Malpractice Insurance 101: Understanding the Difference Between Claims-Made and Occurrence Policies
Malpractice insurance is a great asset for doctors of optometry who are eager to practice to the full scope with peace of mind. It is important for ODs to familiarize themselves with their policy to ensure they are adequately protected.
When it comes to malpractice insurance policies, there are two main policy types : claims-made and occurrence. These policies have distinct differences, and it is crucial for every OD to know which type of policy they have.
- What is an occurrence malpractice insurance policy? An occurrence policy provides coverage for incidents that occur during the policy period, even if a claim is not filed until after the policy has ended. For example, let’s say that an OD purchased an occurrence malpractice insurance policy in 2010, but switched insurance providers in 2015. In 2021, one of the OD’s former patients files a claim for an incident that occurred in 2013. In this scenario, the OD is still covered by the first occurrence policy because the incident took place while the policy was active, even though the claim was not filed until the occurrence policy had ended.
- What is a claims-made malpractice insurance policy? A claims-made policy provides coverage only for claims that occur and are reported while the policy is in effect. For example, let’s say that an OD purchased a claims-made policy in 2010, then cancels their policy in 2015 and does not purchase tail coverage. In 2021, one of the OD’s former patients files a claim for an incident that occurred in 2013. Because the claims-made policy is no longer in effect and the OD did not purchase tail coverage, the OD is not covered for the claim.
- What is tail coverage? If an optometrist has a claims-made malpractice insurance policy and then switches insurance providers or policy types, they will need to purchase tail coverage. Tail coverage can be purchased when a policy is terminated and extends the limits of claims-made coverage. With tail coverage, an OD can be protected from a past incident, even if the claim is filed after the policy has been canceled. For instance, if the OD in the example above had purchased tail coverage after canceling their claims-made policy, they would have been covered for the 2013 incident, even though their policy was no longer active when the claim was filed.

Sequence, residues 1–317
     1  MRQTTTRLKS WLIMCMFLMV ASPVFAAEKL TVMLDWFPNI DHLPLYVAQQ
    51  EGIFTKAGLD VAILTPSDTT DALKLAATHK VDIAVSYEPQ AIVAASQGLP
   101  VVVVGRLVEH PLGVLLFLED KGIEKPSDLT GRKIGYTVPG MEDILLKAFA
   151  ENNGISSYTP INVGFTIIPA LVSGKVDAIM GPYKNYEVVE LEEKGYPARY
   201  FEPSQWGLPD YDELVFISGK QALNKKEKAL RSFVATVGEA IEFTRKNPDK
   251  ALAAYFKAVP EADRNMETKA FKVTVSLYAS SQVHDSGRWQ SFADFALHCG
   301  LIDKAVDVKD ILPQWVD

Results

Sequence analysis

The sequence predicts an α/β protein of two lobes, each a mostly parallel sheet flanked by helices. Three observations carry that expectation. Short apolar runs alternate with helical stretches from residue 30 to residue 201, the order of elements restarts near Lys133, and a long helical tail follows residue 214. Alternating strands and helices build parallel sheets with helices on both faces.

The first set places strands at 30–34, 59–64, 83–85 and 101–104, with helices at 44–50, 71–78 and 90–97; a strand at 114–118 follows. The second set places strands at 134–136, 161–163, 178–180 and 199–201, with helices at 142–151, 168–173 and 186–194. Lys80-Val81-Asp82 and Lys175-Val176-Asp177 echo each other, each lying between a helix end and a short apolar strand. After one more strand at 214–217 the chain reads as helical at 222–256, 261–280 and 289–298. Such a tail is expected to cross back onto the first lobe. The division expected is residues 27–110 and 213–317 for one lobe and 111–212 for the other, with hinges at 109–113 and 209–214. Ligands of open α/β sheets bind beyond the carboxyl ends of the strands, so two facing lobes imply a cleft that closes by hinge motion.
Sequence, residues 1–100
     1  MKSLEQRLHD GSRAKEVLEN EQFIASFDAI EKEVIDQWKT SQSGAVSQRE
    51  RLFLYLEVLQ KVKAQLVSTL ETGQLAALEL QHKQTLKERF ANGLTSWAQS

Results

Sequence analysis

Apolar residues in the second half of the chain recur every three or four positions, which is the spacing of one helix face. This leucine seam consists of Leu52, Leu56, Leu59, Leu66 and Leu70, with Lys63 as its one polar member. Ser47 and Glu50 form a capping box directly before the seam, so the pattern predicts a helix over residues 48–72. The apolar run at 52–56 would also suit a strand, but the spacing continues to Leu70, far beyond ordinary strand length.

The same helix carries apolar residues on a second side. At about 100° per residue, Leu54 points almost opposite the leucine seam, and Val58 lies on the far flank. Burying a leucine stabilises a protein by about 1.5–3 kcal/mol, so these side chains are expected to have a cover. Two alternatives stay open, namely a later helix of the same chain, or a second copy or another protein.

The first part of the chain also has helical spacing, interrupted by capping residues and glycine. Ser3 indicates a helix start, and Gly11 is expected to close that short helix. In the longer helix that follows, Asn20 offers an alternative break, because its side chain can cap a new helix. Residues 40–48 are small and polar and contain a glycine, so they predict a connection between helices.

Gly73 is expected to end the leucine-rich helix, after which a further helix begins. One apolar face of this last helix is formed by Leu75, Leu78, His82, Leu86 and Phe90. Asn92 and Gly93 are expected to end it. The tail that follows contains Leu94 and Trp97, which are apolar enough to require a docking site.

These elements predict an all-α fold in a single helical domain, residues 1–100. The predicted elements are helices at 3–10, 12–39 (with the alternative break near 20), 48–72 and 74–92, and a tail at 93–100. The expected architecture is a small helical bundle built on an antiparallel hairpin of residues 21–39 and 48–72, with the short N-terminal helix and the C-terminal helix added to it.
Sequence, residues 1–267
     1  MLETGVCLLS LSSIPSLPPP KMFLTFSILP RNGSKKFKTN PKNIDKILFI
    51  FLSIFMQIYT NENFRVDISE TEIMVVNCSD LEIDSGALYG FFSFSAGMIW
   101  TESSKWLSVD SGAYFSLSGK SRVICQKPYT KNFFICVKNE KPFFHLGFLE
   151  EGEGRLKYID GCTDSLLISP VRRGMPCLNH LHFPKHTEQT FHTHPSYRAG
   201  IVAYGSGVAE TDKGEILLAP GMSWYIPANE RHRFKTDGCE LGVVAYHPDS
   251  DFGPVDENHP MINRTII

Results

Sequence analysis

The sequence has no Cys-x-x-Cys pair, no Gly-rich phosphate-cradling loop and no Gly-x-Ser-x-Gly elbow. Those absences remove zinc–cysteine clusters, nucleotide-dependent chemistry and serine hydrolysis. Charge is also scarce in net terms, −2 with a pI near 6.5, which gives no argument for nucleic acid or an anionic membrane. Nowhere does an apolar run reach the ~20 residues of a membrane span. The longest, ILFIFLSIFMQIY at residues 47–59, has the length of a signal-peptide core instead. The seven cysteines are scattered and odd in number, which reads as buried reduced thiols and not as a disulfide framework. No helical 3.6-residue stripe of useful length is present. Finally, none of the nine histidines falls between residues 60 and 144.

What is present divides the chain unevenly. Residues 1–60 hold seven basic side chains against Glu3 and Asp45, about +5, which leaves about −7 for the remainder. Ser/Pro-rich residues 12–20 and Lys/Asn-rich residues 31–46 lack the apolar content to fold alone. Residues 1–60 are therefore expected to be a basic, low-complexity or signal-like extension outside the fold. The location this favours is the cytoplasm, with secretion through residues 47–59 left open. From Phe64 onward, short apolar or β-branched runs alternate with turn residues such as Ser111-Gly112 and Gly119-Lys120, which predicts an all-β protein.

- When might an OD need to purchase tail coverage? Some optometrists may have malpractice insurance that is provided by their employer. If the employer-provided malpractice insurance policy is a claims-made policy, the OD may be responsible for purchasing tail coverage if they leave for a different position. In addition, if an OD chooses to switch from a claims-made insurance policy to a different insurance provider or to an occurrence policy of their own volition, they may need to purchase tail coverage to ensure they are covered for past incidents.
As a member benefit, AOA members can receive a complimentary policy review from AOAExcel’s endorsed malpractice insurance provider, Lockton Affinity, to ensure they are adequately covered and have the policy type that best suits their needs.
This content was provided by Lockton Affinity, AOAExcel's strategic partner. Available insurance products include professional liability, cyber liability, business owners' insurance, employment practices liability insurance, and much more. To learn more, visit AOAInsuranceAlliance.com or contact Lockton Affinity at Info@AOAInsuranceAlliance.com.
Get to know the basics of group malpractice insurance policies for optometrists.
7 Essential Questions Every Optometrist Should Ask Their Employer About Their Group Malpractice Insurance Policy
Are you covered under your employer’s group malpractice insurance policy? Learn what question you should be asking to ensure you are fully covered.
Practice Owners: Know Your Liability – the Differences Between Professional Liability, General Liability, and Business Owner’s Insurance
Learning the differences between liability insurances is essential for any optometric practice owner.